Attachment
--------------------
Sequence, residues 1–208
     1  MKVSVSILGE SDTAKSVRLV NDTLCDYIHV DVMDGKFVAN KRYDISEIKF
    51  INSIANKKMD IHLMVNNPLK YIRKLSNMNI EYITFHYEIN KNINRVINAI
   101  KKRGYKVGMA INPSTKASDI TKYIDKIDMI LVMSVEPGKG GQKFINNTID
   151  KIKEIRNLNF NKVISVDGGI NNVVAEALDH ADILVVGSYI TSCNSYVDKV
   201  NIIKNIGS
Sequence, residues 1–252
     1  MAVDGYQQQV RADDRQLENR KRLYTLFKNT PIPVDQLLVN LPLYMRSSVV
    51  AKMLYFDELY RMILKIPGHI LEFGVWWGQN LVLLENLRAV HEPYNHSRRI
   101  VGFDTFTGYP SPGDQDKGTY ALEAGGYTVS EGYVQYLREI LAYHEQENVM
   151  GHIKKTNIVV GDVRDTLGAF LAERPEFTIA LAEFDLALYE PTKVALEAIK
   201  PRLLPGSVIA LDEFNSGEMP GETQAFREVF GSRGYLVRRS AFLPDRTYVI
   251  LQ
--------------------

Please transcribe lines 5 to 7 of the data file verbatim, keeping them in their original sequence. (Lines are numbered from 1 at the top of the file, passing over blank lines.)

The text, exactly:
   151  KIKEIRNLNF NKVISVDGGI NNVVAEALDH ADILVVGSYI TSCNSYVDKV
   201  NIIKNIGS
Sequence, residues 1–252